Can the dead change their beneficiaries? It’s a good question to ask Merrill Lynch, since the wirehouse may ultimately have to defend against allegations that its representatives made beneficiary changes to a client’s accounts after his death, thereby assigning his ex-wife the inheritance he’d left to his sons.

Merrill breached a contract and failed to fulfill its fiduciary duties when it enacted a change-of-beneficiary request from Lowell Clark after he died, according to claims in a lawsuit filed by his sons Brian and Colin Clark.

The Clarks filed their lawsuit on April 12 in federal court in Portland, Oregon. On April 23 they subsequently filed a voluntary motion to dismiss the lawsuit but did so “without prejudice” — leaving open the possibility they could refile the same claims.

Merrill owes them more than $1 million from the retirement accounts of their father, according to the lawsuit filed by the Clark sons.

Merrill had rejected the father’s change of beneficiary form when he sent it in 2012, according to the lawsuit. That rejected form proposed replacing Brian and Colin as his beneficiaries with Janet Fiero, who is the elder Clark’s ex-wife, according to the lawsuit. Clark and Fiero divorced in 2008, according to the lawsuit.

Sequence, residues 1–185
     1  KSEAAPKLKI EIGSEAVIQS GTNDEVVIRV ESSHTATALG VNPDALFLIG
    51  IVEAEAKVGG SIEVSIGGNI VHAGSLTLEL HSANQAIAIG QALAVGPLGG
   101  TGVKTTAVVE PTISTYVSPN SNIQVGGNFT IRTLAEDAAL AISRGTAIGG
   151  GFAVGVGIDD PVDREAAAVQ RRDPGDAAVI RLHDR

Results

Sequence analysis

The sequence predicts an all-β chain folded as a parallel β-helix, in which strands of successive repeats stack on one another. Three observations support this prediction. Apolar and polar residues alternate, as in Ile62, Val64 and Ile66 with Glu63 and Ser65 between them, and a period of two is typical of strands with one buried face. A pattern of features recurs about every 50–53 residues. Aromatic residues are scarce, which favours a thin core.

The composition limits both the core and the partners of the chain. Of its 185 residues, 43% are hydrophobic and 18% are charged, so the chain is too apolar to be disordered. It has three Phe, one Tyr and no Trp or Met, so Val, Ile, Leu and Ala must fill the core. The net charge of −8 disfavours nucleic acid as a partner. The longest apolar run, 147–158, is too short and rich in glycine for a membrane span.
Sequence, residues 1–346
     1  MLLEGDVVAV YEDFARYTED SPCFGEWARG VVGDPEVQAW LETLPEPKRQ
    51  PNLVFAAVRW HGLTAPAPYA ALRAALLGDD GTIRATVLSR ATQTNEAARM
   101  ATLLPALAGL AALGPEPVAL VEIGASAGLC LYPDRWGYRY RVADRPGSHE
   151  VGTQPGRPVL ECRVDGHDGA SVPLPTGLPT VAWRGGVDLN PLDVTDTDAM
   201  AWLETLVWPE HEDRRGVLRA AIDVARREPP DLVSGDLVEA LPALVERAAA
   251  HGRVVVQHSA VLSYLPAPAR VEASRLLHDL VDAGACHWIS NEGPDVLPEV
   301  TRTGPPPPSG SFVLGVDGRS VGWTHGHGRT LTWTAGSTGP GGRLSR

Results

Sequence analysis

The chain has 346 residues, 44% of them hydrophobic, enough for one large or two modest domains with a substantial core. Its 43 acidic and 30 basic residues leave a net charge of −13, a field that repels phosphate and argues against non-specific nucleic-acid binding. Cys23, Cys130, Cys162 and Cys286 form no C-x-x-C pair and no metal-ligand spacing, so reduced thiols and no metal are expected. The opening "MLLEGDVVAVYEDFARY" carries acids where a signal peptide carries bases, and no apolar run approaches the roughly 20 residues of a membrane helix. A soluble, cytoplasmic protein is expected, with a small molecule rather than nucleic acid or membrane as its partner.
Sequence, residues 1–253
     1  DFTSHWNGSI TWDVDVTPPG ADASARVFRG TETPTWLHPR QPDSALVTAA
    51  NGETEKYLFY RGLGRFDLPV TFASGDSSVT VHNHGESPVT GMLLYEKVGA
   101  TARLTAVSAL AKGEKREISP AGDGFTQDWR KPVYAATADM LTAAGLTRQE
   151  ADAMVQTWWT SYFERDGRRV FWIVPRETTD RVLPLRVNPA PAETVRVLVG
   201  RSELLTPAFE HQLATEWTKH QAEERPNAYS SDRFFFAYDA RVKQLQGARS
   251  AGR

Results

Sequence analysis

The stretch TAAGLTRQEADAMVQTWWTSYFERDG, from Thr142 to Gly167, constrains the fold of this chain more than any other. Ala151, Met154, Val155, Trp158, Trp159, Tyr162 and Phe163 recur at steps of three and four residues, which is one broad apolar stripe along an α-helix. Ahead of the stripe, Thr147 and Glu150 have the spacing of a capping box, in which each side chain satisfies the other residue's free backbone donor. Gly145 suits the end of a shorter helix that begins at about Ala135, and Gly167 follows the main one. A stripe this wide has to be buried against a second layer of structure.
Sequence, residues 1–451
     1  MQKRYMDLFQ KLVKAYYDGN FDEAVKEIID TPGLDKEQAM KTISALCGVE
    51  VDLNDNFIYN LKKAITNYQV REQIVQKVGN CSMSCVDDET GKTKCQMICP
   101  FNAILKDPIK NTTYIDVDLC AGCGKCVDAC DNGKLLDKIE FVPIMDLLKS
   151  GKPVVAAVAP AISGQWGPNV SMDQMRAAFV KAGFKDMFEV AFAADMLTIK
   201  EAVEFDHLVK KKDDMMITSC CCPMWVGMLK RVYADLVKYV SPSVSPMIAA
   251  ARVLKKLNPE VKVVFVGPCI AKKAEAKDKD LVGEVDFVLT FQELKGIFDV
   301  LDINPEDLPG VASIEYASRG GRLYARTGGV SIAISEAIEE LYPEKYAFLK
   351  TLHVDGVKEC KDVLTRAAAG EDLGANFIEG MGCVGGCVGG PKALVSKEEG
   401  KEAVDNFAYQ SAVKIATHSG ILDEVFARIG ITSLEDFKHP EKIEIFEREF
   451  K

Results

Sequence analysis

The younger Clarks' lawyer did not respond to a request for comment. A spokesman for Merrill said the firm would decline to comment.


In their lawsuit the sons had alleged Merrill representatives told them of the beneficiary change — which stripped them of their inheritance — only on Jan. 17, the day before the funds were supposed to be transferred to inherited retirement accounts owned by each of them, and a month after their father died in December.

It was only then that Merrill representatives told each of the sons that the wirehouse “had decided to accept the 2012 change of beneficiary form,” according to the lawsuit.